RAF Lossiemouth personnel have restored an ancient graveyard which existed for centuries before the site was turned into an airfield.
The 350-year-old burial ground is part of the remains of Drainie Parish Church, which once stood on turf now used by the station’s Typhoon squadrons.
A total of 67 headstones were laid flat when the 17th-century kirk was knocked down in 1952, and they have regularly fallen victim to overgrowth in the intervening period.
The historic slabs are fragile because of their age, so clearing them was a painstaking process which took two days.
Servicemen and women were unable to use metal tools for fear of chipping patterns on the stones, and had to dig borders around each plot to remove grass and prevent weeds from sprouting over them.
They subsequently used brooms to carefully sweep the cuttings from the stones, and the delicate engravings were cleared out using a wooden skewer.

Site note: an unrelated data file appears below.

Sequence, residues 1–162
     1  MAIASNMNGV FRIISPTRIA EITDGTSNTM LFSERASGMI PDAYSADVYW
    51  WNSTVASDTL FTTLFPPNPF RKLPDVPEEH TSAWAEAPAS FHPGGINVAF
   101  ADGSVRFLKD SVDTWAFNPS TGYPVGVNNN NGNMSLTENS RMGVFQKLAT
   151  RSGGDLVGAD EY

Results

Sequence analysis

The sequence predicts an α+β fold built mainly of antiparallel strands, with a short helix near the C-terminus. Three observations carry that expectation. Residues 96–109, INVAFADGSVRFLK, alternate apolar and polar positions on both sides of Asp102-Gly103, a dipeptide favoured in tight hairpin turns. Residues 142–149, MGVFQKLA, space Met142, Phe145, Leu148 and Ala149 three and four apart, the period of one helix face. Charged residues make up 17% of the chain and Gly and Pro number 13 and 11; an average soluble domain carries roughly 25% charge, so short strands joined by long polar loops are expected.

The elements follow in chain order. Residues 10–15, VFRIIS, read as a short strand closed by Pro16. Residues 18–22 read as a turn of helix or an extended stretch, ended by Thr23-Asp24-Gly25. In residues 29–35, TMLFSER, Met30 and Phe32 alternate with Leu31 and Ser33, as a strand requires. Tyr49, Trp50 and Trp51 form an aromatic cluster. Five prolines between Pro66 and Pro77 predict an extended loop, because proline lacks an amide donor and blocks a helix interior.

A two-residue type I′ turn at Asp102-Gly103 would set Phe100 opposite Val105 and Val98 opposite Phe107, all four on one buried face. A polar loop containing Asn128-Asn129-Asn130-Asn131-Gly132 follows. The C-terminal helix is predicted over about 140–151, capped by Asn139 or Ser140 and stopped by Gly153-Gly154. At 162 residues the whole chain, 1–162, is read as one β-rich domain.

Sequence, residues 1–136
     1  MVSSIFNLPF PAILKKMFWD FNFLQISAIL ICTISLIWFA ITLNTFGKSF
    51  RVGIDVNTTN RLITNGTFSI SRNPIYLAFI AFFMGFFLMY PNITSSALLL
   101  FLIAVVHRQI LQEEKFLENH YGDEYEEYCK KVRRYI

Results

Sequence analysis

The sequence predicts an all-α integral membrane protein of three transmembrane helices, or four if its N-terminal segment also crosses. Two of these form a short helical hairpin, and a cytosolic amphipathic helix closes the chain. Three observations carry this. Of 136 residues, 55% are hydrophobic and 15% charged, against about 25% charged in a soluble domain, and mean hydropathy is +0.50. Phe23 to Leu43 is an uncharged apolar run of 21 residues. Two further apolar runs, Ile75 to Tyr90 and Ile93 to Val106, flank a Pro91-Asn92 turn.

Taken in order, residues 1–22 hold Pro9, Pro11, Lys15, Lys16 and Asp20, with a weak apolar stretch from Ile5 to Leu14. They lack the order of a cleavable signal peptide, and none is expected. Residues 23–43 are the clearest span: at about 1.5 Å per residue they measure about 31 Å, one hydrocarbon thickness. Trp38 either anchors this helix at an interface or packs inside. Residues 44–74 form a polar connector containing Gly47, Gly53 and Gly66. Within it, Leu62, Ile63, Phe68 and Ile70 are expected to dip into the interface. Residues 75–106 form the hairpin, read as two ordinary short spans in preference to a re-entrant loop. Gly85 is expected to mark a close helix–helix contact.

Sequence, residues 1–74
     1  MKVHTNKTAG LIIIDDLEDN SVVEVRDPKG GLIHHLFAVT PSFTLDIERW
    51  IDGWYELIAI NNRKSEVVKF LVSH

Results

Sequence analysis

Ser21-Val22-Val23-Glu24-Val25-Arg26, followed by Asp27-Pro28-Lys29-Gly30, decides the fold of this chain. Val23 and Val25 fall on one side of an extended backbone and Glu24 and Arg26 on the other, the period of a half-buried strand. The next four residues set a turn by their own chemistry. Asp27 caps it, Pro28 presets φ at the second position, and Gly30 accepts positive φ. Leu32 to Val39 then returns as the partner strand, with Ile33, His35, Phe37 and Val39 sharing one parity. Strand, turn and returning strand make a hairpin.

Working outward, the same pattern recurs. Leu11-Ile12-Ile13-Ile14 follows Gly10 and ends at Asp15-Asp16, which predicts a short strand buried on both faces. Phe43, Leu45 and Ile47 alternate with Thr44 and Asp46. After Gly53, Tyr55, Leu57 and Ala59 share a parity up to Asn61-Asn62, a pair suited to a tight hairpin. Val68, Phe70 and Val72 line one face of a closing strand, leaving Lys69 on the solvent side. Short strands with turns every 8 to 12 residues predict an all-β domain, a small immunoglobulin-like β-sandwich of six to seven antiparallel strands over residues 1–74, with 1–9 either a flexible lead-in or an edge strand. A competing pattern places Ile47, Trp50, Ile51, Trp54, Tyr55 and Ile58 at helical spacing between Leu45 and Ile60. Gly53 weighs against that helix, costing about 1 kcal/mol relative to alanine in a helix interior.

The same restoration efforts were carried out on what remained of the church foundations and graveyard wall.
Warrant officer, Andy Kidd, has been praised for arranging the initiative to keep the area in good condition.
He said: “As custodians, the RAF has a responsibility to future generations to ensure that the rich history of the Kirktoun of Drainie is not lost or forgotten.”
The Moray Burial Ground Research Group, which was formed in 2003 with the intention of surveying every plot in the region, has helped maintain the grounds.
Group chairman, Keith Mitchell, added that descendants from far and wide had contacted the voluntary body about those laid to rest at the Lossiemouth site.
He explained: “Drainie was one of the first graveyards we took an interest in after we formed.
“Because it is off-limits to the public, it was very important for us to record and publish the details of who is buried there for family historians.
“Since then, we have had people contact us from abroad about relatives who were laid to rest at Drainie.”
The oldest grave dates from 1695, and belongs to Michael Cumming – an assistant minister who helped oversee the construction of the church decades earlier.
The last person to be buried there was Elspet Hendry, in 1909.